Preparing Exterior Trim for Paint
The wood trim of a house is most susceptible when it comes to damage from sun, rain, and wind. You will need to thoroughly clean, sand lightly and prime the surface. You may also need to scrap, strip, re-glaze, wire brush, fill or caulk the trimmings.
- Scrub away all dirt and chalking paint with a scrub brush an d trisodium phosphate (TSP) solution. Rinse the trim thoroughly, and allow it to dry completely before preparing the surfaces for primer and paint.
- The primer provides a base to which the paint can adhere as well as seals it. Slow-drying alkyd-base primers are recommended. On partially bare wood, apply two coats of primer. Tint the primer with some of the finish color to help with more coverage.
- Sand the fascia with rough to find-grit paper. Remember to use safety goggles and dust mask or respirator.
- Blister the paint with a heat gun, and peel it away with a putty knife. Remember to keep a hose nearby for safety.
- Tap out old window glazing compound that is cracked or brittle.
- Power sand the windowsills with a palm sander, graduating from rough- to fine-grit paper and fill cracks and holes with a vinyl exterior spackling compound, and sand the surface when dry.
- Spread new glazing compound along the window frames at an angle, and let it cure.
Once you’ve done the preparation of the surfaces, protect the surrounding area with thick cotton dropcloths before starting your paint job. Protect roofing or other surfaces that will not be coated by may be splattered with paint by using 3-inch tape.
Always paint in fair (above 50 degrees F.), dry weather as cooler temperatures may cause poor adherence. Start your paint job after the morning dew dries, and stop at least 2 hours before the evening dampness sets in.
Avoid painting in direct sunlight and follow the sun around the house. Do not use solvent-thinned paints to cool surfaces that will be heated by the sun in a few hours as this may cause the paint to blister.
Paint in the following order: the overhangs and gutters, then the main surfaces from the top down, and then the trim. Finish with the shutters, railings, porch, and foundation.
If you plan to paint the trim a different color than the siding, wait until the siding has completely dried before beginning the trim. Apply masking tape to protect the siding from the trim paint, and remove the tape immediately after finishing.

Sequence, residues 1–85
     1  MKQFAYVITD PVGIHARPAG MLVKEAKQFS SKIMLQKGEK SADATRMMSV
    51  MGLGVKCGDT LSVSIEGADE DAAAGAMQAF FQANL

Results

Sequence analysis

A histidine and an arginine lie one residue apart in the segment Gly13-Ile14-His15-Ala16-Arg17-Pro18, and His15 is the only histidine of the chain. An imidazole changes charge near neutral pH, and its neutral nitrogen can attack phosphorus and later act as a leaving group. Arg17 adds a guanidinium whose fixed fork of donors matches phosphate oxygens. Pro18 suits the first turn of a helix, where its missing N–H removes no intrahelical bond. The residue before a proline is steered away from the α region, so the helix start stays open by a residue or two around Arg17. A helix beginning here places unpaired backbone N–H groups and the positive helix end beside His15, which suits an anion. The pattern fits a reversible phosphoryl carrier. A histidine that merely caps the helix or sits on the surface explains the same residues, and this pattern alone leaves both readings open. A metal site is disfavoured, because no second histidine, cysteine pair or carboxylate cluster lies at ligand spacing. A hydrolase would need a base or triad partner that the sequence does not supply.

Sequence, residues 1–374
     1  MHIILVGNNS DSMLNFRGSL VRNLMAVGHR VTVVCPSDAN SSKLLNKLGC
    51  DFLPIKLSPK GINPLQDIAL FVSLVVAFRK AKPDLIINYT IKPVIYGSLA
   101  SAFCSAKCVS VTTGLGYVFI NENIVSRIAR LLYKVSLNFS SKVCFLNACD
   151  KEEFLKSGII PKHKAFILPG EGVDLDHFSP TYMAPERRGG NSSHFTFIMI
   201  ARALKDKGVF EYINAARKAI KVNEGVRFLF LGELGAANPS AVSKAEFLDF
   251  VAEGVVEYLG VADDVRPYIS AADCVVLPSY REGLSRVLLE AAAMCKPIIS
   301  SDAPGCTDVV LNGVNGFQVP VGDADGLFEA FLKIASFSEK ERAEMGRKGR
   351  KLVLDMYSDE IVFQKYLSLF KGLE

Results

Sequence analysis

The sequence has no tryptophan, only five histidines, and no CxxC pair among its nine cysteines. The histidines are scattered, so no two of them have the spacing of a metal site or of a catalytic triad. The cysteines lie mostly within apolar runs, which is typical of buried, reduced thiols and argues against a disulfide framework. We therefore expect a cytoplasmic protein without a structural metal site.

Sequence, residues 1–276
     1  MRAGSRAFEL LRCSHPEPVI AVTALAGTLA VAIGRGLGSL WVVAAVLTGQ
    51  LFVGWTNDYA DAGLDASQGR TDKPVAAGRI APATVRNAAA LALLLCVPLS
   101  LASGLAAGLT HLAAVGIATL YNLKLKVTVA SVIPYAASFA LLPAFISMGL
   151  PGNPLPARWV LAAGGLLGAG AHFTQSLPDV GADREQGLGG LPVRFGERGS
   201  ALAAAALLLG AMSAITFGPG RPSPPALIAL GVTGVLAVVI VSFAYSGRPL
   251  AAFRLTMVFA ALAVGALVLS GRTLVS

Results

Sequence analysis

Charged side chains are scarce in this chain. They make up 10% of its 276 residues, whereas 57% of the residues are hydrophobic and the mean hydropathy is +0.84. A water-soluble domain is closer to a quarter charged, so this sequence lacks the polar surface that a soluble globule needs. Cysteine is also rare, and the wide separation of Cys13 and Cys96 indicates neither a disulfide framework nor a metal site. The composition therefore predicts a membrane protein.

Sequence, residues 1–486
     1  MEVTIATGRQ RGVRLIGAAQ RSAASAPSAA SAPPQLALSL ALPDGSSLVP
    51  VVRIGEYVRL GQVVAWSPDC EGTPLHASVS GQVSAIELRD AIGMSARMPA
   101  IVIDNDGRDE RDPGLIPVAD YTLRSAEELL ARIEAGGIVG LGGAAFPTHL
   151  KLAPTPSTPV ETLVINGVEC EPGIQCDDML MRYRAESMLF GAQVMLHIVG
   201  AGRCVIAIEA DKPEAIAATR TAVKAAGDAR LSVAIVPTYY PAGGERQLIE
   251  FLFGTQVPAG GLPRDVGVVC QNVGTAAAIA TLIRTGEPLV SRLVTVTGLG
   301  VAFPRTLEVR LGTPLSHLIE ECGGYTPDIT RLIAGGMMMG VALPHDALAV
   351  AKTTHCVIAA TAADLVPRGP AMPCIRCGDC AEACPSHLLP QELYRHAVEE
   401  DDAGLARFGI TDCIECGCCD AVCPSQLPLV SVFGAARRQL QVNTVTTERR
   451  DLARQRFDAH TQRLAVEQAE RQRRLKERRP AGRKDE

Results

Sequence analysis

Lastly, paint exterior doors and windows. Use a power sprayer for shutters (remove them first). If you’re using a brush for the shutter, begin at the joints where the louvers meet the frame, then paint the lourve, and then finally the frame itself. Always start painting against the grain and finish by painting with the grain.
Let a wall dry fully before deciding whether touchups are needed. A paint finish often will look patchy or uneven until it has fully dried.
Painting Siding & Trim
- Brush on a coat of primer; tint the primer to a color that is similar to your finish color, for a better finish.
- Begin at the top of a wall, and apply the finish coat. Dip the brush no more than 1 inch into the paint. When painting lap siding, start by painting along the bottom edges of horizontal boards. To prevent drips and lap marks, paint all the way across three or four boards.
- Dip the brush about 2 inches into the paint, and tap it against the side of the bucket to clear paint from one side. Then turn the brush parallel to the ground as you lift it. Press the paint-heavy side of the brush against the surface, spreading the paint in a side-to-side motion on horizontal siding or up and down on vertical siding.
- On windows, paint lightly along mullions, allowing a slight bead of paint to lap onto the glass with a sash brush. Before the paint dries, remove the overlap from the glass with a rag wrapped around the end of a putty knife. Holding it at an angle, pull it along the joint between the frame and the glass. Dry paint can be removed with a razor blade. Always paint perpendicular against the wood grain to get good coverage on the face of the trim. Open an operable window when painting the sash of an operable window, so that it won’t be sealed shut by paint.
Painting Aluminum Siding
- Thoroughly clean the siding by scrubbing it with water and tri-sodium phosphate (TSP) or a non-phosphate detergent and then rinse.
- Allow to dry completely, and then sand any chipped or peeled painted areas so that the surface is smooth. Use a buffing pad to remove any chalk from the surface.
- Prime exposed metal with a high-quality acrylic latex metal primer. Apply one or two coats of a high-quality, 100% acrylic latex paint specifically made for metal siding (satin or eggshell finishes for longevity).
- If possible do the painting on an overcast day; if not, avoid painting in direct sunlight.